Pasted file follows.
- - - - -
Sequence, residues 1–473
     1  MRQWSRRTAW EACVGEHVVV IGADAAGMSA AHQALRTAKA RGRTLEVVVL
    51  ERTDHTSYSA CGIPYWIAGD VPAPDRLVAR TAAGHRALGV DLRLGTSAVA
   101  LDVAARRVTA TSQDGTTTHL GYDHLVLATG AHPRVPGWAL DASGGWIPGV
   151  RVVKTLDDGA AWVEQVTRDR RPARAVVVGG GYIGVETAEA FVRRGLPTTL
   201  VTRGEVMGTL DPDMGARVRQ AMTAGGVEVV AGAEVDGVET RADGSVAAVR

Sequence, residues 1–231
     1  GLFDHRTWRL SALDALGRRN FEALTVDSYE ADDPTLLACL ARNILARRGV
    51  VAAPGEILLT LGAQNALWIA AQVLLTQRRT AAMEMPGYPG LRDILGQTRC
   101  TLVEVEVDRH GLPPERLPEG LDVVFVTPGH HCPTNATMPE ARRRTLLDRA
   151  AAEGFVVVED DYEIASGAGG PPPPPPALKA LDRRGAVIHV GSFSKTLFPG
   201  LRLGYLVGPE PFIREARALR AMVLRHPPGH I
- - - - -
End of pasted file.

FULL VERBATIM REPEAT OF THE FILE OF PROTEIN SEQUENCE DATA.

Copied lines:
Sequence, residues 1–473
     1  MRQWSRRTAW EACVGEHVVV IGADAAGMSA AHQALRTAKA RGRTLEVVVL
    51  ERTDHTSYSA CGIPYWIAGD VPAPDRLVAR TAAGHRALGV DLRLGTSAVA
   101  LDVAARRVTA TSQDGTTTHL GYDHLVLATG AHPRVPGWAL DASGGWIPGV
   151  RVVKTLDDGA AWVEQVTRDR RPARAVVVGG GYIGVETAEA FVRRGLPTTL
   201  VTRGEVMGTL DPDMGARVRQ AMTAGGVEVV AGAEVDGVET RADGSVAAVR

Sequence, residues 1–231
     1  GLFDHRTWRL SALDALGRRN FEALTVDSYE ADDPTLLACL ARNILARRGV
    51  VAAPGEILLT LGAQNALWIA AQVLLTQRRT AAMEMPGYPG LRDILGQTRC
   101  TLVEVEVDRH GLPPERLPEG LDVVFVTPGH HCPTNATMPE ARRRTLLDRA
   151  AAEGFVVVED DYEIASGAGG PPPPPPALKA LDRRGAVIHV GSFSKTLFPG
   201  LRLGYLVGPE PFIREARALR AMVLRHPPGH I